A real time chat application with support for offline mode. This chat application allows the users to go offline while chatting and will sync and save the messages to the server once it goes online again. It stores the state of the app locally and buffers the messages when you go offline.
git clone https://github.com/kri5t/chat-app
This application assumes there is a local mongodb installed and that the node package manager and node server is installed globally.
If the mongodb is running elsewhere configure the
./server/config.js to point at your server. You can also change the port by setting the environment variable(
PORT) when starting the server.
What were some of the reasons you chose the technology stack that you did?
Since I was required to build a real time application Node.js is the perfect fit with its non-blocking io that makes it able to handle a lot of connections while being very efficient with the resources at hand. Node.js efficiency
On top of Node.js I chose to implement socket.io which creates a websocket connection with the browser and allows for the real time magic to happen. Also I have done a realtime app using Microsofts WebApi2 and SignalR and I wanted to compare the technologies which turned out to be very similar.
At the front end I chose to work with AngularJS because of the module based nature, dependency injection (loose coupling) and reduced boilerplate code. I chose a web client to make my application accessible on almost every platform and because it is fast to develop and deploy to.
I chose mongoose as my mongo driver to get a little structure and to communicate my model to the reader. Also I like their chained query language example
What would you need to do to make this application scale to hundreds of thousands of users?
Since Node.js and mongodb is very good at handling a lot of concurrent connections I would not need a large setup. I would probably need more node.js servers and a sharded cluster of mongodbs to support my servers. Also I would need load balancers to even out the load on my servers.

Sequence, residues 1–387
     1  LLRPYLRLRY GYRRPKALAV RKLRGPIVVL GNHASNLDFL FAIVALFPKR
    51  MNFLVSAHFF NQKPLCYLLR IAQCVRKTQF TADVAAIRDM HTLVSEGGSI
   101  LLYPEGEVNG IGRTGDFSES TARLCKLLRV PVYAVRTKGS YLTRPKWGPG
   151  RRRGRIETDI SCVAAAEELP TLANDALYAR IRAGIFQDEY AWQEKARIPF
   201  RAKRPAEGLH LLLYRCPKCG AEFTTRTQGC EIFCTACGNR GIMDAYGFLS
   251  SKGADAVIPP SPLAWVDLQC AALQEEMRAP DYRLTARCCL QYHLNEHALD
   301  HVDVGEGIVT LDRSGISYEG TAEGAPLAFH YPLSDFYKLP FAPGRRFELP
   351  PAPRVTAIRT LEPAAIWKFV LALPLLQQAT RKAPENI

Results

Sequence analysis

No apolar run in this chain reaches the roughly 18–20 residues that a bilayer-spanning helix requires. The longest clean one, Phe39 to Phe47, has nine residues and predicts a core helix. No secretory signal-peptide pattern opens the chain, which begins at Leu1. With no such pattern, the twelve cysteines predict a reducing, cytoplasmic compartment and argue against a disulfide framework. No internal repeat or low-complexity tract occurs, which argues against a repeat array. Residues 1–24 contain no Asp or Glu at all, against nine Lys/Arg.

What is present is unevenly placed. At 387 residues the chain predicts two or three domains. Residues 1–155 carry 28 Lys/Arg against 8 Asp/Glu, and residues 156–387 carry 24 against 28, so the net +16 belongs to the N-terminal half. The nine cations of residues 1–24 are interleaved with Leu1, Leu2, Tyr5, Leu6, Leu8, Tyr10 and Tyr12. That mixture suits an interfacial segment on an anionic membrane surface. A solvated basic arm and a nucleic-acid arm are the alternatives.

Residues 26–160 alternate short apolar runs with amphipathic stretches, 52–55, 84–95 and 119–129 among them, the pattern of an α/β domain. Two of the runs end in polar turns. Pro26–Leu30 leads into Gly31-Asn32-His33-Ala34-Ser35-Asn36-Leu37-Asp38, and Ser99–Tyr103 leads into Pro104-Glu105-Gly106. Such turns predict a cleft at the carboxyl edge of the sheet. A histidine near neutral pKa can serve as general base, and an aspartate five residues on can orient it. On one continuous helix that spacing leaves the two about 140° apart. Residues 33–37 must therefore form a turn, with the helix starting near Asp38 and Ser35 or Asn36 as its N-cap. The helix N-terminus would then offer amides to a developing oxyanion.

My chat application should probably also implement some kind of chat room capability; because 100.000+ in one room can get confusing.
What were some of the trade offs you made when building this application? Why were these acceptable tradeoffs?
Right now I am using a hashset(js object) to avoid dupes in the chatlog. And I am doing an old fashioned sort of the array. To make this more efficient I would use a SortedMap instead to avoid dupes and keep the sort order.
I do not listen on the
offline event from the browser and instead I simulate it by giving the user a button to click. This was done to make testing easier and because the cross browser implementation of the
offline event is not uniform.
I am only using the local buffer when the button is clicked. If this was to go live I would probably always use the buffer to make sure the message was saved on the server before I remove it locally. This is done to avoid loss of data when going from online to offline mode; since it normally takes some time for the browser to register that.
If this was going to be a serious app test driven development would have been a better approach. Right now I did not have the time to setup the tests and the application but automatic testing is never a good tradeoff.
Given more time, what improvements or optimizations would you want to add later?
I have already answered some of this with running buffer, using an array and sorting it to ensure message placement and listening to the offline event.
I would like to add a login functionality; so the messages can be associated to a user when he/she logs back in.
I also thought it would be nice to add a Wunderlist button that can add a chat message to a list in the users wunderlist account.
I would like to add chat rooms to the application using socket io to control it.
If this was a serious project I would need to setup automatic deployment, task runners and bundling e.g. Browserify
Last the design is maybe a bit to minimalistic even for a scandinavian like me.
How did you implement the offline capabilities of the application and why?
As I stated earlier I implemented the offline capabilities as a button to simulate it. This was done to make testing easier and easier for users to verify that it works. I used the
localstorage of the browser to store the messages and the state of the app when a user goes offline. I chose the
localstorage because the state will survive a closed browser; so no messages would be lost. When going back online I use the socket connections to broadcast the messages one-by-one; since I already implemented this. If it turns out to be a bottleneck I would probably go for bulk update after a client has been offline.
How do you make sure that merging the offline messages with the whole conversation works everytime?
I use the format:
YYYY-MM-DDTHH:mm:ss:SSS + a hash of the (username+message)
This is a sortable format and makes for a unique stamp for the message. I can then use a hashset to avoid duplicates in my data and last I map them into pairs and sort the array. This can be done smarter with some more time and the use of a SortedMap